Prime Minister and DfE Ministers must respond urgently

Last week several elements emerged in our Nation that require the Government to deal with. Some of them were raised within Parliament and others were raised externally but they were all being focused to the Government and indeed to the Prime Minister and the Department for Education. While we cannot contact the Prime Minister, eight of the sixteen Sussex MPs are Ministers and so they can communicate with their boss and two of them have now returned to the DfE. So far the only Sussex MP who has taken part in the Prime Minister question session is Caroline Lucas who is the Green Party MP for Brighton Pavilion. She raised her question last week with the some of these comments

“His Government have not kept their climate promises. He has not delivered the $300 million that we still owe to the green climate and adaptation funds—when will we see that?” and she then stated “Will he support the establishment of a finance facility for loss and damage at COP27?”

Sadly, his response was not very effective, this is the full text of his answer

“On loss and damage, I have already made the point that we established the Glasgow dialogue to see how best to take forward those discussions. I will not pre-empt the discussions happening at COP, but that is not the same as reparations—I think the hon. Lady understands that—which is not what is on the table. That is clear in the language that is being debated at COP.”

So it would be very reasonable for all of the Sussex MPs including the eight Ministers to ask him to be more appropriate in his responses for the future responses to our local MPs. Given that the COP27 is so significant for our Nation and the World it is vital for our government to respond in a more effective way. A few hours after that question session, there were several aspects that emerged on the theme of education which came in both Parliament and externally. There was a debate that took place under the theme of “Levelling up Rural Britain” later on Wednesday and one MP who participated very significantly was Tim Farron who stated towards the ends of his initial comment

“rural schools are smaller. Their budgets are smaller to start off with and the unfunded pay rises and unfunded increases in energy costs mean that every single one of the schools I have spoken to in my constituency over the last week are planning staff reductions. That will only hurt our children. The Government do not understand that they need to support rural school funding, and it is only the children who will suffer.”

The only Sussex MP who was involved in the same debate was Sally-Ann Hart from Hastings and Rye and as part of her response later in the event she stated

“Research commissioned in 2021 by the Rural Services Network showed that wages are lower in the countryside, but that many living costs—fuel, travel and heating costs—are higher. It is also more expensive for local authorities to provide statutory services due to geography, demographics and density of population. Local authority funding formulas do need to be reconsidered”.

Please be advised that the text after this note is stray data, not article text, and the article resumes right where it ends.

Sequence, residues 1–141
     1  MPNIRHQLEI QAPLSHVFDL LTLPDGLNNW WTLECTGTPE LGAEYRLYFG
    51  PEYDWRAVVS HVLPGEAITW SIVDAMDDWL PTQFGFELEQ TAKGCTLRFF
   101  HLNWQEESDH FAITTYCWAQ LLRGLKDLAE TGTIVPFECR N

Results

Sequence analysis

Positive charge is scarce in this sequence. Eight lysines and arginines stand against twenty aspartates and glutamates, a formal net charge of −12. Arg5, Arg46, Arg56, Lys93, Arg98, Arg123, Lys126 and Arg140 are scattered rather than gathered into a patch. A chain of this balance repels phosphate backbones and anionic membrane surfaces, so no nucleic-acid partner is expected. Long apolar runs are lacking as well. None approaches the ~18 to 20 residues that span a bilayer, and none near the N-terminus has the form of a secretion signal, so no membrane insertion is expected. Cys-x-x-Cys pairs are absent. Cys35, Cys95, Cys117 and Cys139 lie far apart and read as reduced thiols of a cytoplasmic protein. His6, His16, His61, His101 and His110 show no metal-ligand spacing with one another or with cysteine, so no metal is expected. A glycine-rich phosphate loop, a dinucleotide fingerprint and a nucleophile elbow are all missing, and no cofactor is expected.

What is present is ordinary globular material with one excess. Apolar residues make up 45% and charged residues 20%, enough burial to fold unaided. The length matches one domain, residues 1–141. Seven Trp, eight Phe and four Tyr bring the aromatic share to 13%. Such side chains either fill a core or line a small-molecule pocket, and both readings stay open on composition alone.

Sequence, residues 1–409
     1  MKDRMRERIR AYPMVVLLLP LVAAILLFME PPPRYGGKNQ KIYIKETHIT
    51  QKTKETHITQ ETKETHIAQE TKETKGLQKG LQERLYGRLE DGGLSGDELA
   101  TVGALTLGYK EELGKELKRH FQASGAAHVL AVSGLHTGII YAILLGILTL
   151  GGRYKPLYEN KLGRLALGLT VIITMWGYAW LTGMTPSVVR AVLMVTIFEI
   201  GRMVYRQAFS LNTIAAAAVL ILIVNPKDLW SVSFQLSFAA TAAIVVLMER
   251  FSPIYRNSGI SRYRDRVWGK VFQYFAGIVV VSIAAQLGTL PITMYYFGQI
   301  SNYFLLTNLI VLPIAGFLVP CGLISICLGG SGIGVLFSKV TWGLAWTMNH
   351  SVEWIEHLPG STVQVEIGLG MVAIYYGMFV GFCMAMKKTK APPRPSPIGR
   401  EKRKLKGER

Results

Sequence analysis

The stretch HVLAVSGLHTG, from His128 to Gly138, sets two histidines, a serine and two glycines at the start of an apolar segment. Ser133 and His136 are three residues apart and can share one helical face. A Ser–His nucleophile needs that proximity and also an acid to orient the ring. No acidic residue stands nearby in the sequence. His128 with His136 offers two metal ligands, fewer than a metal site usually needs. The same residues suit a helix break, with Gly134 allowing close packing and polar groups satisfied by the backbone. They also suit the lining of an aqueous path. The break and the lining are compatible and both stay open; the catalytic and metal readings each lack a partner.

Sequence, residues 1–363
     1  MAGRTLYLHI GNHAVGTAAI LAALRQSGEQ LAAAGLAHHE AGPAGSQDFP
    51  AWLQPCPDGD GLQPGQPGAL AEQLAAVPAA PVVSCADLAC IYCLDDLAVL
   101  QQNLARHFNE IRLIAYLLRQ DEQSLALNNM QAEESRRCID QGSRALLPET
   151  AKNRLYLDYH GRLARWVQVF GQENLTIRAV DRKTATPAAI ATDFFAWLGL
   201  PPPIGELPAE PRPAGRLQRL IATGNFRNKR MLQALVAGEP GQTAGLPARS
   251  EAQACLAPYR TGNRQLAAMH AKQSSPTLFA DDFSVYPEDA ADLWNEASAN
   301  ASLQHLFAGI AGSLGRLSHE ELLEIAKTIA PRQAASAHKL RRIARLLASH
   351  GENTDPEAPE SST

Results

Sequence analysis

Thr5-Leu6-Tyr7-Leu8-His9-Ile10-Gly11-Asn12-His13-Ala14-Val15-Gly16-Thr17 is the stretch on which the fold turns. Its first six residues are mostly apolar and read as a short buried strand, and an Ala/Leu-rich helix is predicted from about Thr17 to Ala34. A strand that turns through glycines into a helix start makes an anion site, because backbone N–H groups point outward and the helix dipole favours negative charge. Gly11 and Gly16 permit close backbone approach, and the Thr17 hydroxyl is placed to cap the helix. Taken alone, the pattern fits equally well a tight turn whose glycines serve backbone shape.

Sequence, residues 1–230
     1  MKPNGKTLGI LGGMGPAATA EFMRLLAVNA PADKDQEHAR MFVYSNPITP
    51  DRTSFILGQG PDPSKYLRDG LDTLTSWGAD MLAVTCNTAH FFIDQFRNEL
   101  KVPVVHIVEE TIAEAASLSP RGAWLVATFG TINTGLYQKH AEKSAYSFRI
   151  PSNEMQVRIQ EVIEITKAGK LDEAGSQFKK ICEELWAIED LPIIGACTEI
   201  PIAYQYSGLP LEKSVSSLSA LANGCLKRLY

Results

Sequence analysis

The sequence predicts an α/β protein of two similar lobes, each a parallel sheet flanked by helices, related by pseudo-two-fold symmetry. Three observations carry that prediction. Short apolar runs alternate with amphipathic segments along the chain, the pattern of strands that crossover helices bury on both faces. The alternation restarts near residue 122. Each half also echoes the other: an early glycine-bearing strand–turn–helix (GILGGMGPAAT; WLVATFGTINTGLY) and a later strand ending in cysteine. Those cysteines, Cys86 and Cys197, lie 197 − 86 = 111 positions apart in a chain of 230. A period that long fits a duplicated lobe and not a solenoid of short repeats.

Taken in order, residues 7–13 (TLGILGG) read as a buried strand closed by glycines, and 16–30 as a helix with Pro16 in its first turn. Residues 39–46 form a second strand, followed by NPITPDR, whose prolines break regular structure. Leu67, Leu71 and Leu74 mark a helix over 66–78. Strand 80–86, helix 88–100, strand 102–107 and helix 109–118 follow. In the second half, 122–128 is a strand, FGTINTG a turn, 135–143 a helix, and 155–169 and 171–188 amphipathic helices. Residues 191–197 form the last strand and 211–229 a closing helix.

On the same day that Lucas and Hart were speaking in Parliament, there was a piece that arose in the Evening Standard newspaper that was focusing on the financial challenges in schools in London. The reality is that funding for schools across the UK is a problem. The following day a very challenging issue emerged from one of our local organisations

“The adult education charity had served more than 30,000 students in ten years, but ‘trading conditions’ forced trustees to close it today A charity that has provided adult and community education in West Sussex for ten years has suddenly ceased operations this evening. In a statement, Aspire Sussex announced that it was unable to continue trading due to “the devasting impact of the combination of Covid and the cost-of-living crisis on its operations”.”

On the same day that the news of Aspire Sussex arose, there was a piece in the online CYPNow source which included

Teaching assistants are among a raft of low paid education and health workers quitting in favour of roles in the retail sector with better wages, Unison is warning. Poor wages, lack of career paths and workplace stress are leading to the exodus from the public sector towards retail, according to the public services union.”

It is clear that we need the DfE and the Government to respond to these issues very quickly. The two local MPs in that setting are Gillian Keegan from Chichester who is now the DfE leader and Nick Gibb from Bognor Regis and Littlehampton who is now the Minister for School.

About ianchisnall

I am passionate about the need for public policies to be made accessible to everyone, especially those who want to improve the wellbeing of their communities. I am particularly interested in issues related to crime and policing as well as health services and strategic planning.
This entry was posted in Brighton & Hove, Education, Environment, Journalism, Parliament and Democracy, Youth Issues and tagged , , , , , . Bookmark the permalink.

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